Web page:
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Staff travelling from London with Sir Redvers Buller

  • Colonel Stopsford Colonel Douglas A.A.G. Captain Sackville-West Lieutenant Trotter and self.
  • Colonel Lord Gerard, extra a.d.c. joined on the ship.
  • Lady Audrey Buller, Lady St.Levan, Miss Buller and Iris Howards travelled down in train to Southampton.

The Zibenghla arrived with battery and a half the day before we did having left 10 days before.

9th Lancers arrived from India; had a whole squadron of horses either washed overboard or killed in a storm.

October 14th, Saturday

Left London by special for Southampton. A great crowd including Prince of Wales at station; all the way to Southampton people collected and cheered. Train took us alongside the Dunottar Castle and General was met by General Sir B. Russell and Admiral Sir Guliver Seymour. Crowd at Southampton enormous and most enthusiastic, the whole length of the docks covered with people, a wonderful sight from the ships when we moved off. Arrived Madiera after rough passage early morning on 18th. Very warm and oppressive at Madiera and then warmer day by day 'till near the Equator, where it got cool, in fact quite cold about the 27th when I caught very violent cold. We passed a ship going home on the 29th, quite close, and she put a large blackboard up for us to see with "Boers defeated three battles, Penn Symons killed"; we arrived Cape Town after fine passage all the way from Madiera. News came on board of the fights; much greater losses than had been expected, evidently our troops had got the best of it in three fights, Glencoe, Elandslaagte and Rietfontein Farm; we heard this news the night of our arrival on the 30th October (arrived 9,30pm 30.10.99). Went ashore about 9.30 am. on the 31st and all staff drove to Government House; Sir R.B., Sir G. Forestier-Walker, Col. Hanbury Williams and self in first carriage.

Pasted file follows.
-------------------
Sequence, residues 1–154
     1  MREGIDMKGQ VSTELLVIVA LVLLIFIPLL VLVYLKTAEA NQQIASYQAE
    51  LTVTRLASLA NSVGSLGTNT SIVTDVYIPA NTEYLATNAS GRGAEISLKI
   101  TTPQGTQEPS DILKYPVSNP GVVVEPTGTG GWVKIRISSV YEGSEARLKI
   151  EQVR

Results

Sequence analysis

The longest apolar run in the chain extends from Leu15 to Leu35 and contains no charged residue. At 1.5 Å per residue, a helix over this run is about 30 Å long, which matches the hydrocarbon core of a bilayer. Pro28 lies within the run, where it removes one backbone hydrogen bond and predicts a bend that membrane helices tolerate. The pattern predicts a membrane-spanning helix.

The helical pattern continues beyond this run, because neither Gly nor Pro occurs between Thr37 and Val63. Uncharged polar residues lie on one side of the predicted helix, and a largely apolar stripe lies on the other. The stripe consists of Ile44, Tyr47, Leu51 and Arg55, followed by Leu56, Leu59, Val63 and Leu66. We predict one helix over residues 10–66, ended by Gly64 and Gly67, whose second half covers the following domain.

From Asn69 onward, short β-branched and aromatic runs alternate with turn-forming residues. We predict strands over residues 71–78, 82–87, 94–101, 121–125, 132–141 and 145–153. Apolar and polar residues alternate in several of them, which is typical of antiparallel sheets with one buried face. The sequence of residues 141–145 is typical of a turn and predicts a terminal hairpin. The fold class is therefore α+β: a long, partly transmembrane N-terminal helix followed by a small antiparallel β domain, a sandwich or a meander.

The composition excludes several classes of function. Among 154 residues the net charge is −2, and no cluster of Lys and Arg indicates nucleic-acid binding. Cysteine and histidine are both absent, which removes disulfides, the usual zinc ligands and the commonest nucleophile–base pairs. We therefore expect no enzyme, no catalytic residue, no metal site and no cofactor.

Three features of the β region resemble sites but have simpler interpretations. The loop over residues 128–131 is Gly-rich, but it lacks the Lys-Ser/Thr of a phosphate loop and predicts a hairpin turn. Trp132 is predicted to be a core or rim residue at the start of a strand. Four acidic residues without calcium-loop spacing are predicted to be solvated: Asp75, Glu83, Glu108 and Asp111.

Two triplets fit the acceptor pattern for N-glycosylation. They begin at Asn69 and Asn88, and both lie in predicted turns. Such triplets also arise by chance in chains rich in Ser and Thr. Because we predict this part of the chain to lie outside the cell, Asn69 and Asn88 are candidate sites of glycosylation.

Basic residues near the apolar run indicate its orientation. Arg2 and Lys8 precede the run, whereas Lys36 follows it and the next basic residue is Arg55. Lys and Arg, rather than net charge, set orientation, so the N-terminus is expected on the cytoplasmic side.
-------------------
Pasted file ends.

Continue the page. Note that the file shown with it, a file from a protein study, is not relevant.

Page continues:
A tremendous crowd in Adderley Street (the main street) and one deafening cheer from end to end. At Government House Sir R. had a long conversation with Sir A. Milner and as far as I could judge afterwards His Excellency took dismal view of situation of Sir G. White in Natal, the troops at Dundee etc. having had to fall back on Ladysmith being outnumbered. Valuable communication was just received that a detached force under Col. Carleton, consisting of Gloucester Regt. (6 Companies) and Royal Irish Fusiliers (4 Companies) and half a mountain battery, had got into difficulties and taken prisoners; the mules of the half battery had stampeded, and the reserve South African mules of infantry also, which left Regiments short of ammunition. We then went to Mount Nelson Hotel to stay; a very good hotel indeed, nicely furnished, clean and good food, but very full.

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